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Practical Tips for Developing Authoritative Content

Posted on 7.04.2013

Authority is perhaps one of the most misunderstood terms in the world of Web business and it’s used with such regularity by every ‘Net guru that for many it’s a signal that any content from a source claiming authority likely lacks exactly what it is they are promising. If building authority in your industry is important to you and your brand’s digital success (and it should be), consider the following elements as your next content item is published – be it video, images or the good ol’ fashion website article:

Unique, Informed Perspectives

There’s nothing worse than reading something on the Web that is nothing more than a rehash of either what everybody already knows and which doesn’t shed any new details or perspectives on the subject at hand. Providing a unique viewpoint on a subject matter isn’t something that you can always just whip up, it requires some genuine reflection at times, but sometimes that’s exactly what it takes to be an authority. To gain a fresh and unique perspective (the informed component comes from continuing researching what it you’re going to write about), frame your mental gymnastics in one of the following ways: Tell a story, make a future projection or share secrets.

Heavy Headlines

In today’s click first, ask questions later Web, the most intriguing headlines are those that stand out and draw the attention of potential visitors. And how exactly do you do that? Headline writing is an art form that can take years to gain even some semblance of expertise or mastery in. While headlines should be descriptive of the content and informative, it pays (in the form of clicks) to be creative and entertaining, authentic and of course a little bit rowdy or raucous as well. Ask yourself – is this provocative? Would I click this link? The aim of a headline is get potential readers intrigued; writers must know their intended audience and know them well. That being said however, there are numerous lessons you can learn just by scouring the top posts in other verticals to see what’s working.

Write, Rewrite, Repeat

The best writers in the world (and on the Web) obsess about their writing. No authority writes one draft of a weblog post or article and calls it a day, publishing it without any further care. Authorities spend countless hours working and reworking each and every sentence so they are absolutely perfect – at least in their own mind – and even then aren’t usually satisfied. The point here is that in order to develop authority, it’s necessary to put in the work, crafting a content item that doesn’t only offer a unique and informed perspective (or a clever headline) but one that reads like attention has been paid to it.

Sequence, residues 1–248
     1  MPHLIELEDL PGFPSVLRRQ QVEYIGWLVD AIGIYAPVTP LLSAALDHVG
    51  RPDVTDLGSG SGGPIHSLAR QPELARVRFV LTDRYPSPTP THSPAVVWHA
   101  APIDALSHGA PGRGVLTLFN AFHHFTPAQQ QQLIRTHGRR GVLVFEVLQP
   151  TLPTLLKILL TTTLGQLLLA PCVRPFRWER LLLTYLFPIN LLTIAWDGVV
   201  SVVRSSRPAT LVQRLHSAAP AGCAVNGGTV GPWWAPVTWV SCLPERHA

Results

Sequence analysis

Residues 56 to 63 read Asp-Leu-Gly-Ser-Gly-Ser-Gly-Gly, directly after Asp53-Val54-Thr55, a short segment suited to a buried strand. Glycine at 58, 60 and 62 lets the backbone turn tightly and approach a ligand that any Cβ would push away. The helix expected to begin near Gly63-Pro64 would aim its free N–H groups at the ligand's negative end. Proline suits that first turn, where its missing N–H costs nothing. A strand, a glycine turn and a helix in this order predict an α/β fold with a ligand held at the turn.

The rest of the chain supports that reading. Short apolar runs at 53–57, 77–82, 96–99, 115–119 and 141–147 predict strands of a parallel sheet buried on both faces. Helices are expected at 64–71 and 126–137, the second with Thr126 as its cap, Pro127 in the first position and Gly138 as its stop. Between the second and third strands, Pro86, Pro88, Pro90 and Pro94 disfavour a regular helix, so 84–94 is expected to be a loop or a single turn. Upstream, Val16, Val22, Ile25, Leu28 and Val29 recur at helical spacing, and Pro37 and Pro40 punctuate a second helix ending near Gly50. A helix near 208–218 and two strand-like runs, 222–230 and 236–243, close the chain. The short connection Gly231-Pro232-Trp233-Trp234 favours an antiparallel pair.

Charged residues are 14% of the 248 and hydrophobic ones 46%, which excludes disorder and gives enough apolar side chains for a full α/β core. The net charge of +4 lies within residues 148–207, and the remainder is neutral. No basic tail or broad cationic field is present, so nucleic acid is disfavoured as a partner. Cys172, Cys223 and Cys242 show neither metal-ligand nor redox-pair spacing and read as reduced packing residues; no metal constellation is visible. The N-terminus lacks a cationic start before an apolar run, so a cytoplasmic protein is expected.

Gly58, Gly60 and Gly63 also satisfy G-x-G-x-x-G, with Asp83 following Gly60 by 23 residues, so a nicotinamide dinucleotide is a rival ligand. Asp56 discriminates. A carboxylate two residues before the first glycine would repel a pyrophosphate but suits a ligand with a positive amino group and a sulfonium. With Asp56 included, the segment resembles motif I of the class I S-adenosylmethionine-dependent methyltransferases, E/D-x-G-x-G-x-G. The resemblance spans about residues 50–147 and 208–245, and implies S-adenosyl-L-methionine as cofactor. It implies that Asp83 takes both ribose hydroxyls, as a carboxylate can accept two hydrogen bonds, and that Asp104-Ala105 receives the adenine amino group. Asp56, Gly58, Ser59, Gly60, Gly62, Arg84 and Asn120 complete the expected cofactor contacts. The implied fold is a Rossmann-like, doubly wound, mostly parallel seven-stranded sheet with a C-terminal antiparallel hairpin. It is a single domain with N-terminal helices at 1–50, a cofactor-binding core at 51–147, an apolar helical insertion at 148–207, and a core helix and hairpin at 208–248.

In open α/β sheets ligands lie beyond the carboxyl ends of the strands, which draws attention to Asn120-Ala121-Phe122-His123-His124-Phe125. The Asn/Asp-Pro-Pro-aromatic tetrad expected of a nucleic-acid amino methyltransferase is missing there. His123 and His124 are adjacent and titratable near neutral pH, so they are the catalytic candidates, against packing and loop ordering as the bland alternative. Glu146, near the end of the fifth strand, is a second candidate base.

Image is Everything

Something happens in the mind of a user when they arrive at a website.; their discriminating nature emerges. As someone responsible for keeping users on site, you’ll need to put your best digital design foot forward. While the overall design of a website is certainly important, the actual content design is equally crucial to successful consumption. The use of header tags (e.g. h1, h2 or h3), bold/italics, offsetting/indenting quotes and whole sections, appropriate line spacing, font choice, and using obviously visible links are all ways to present an authoritative image – or at least give users a sense that you’ve done more than just write it out. Don’t forget the use of mages either, which can send strong and supportive messages about the focus of your content.

Critical Analysis

After publishing your finished work, content creators will start to the see the fruits of their labor – shares and comments – start appearing. While writers (authorities) can be sensitive to the critiques of others, it’s important to receive this feedback and analysis as it helps to further expound and expand upon the unique perspective you’re giving and can even help you improve as a write, making the content item you’ve spent countless hours writing, rewriting and writing again even better.

Building authority, on the Web or off, requires a commitment to forming genuinely meaningful relationships, providing value to that audience (value that expresses your master of a subject) and a dedication to listening to and learning from others.

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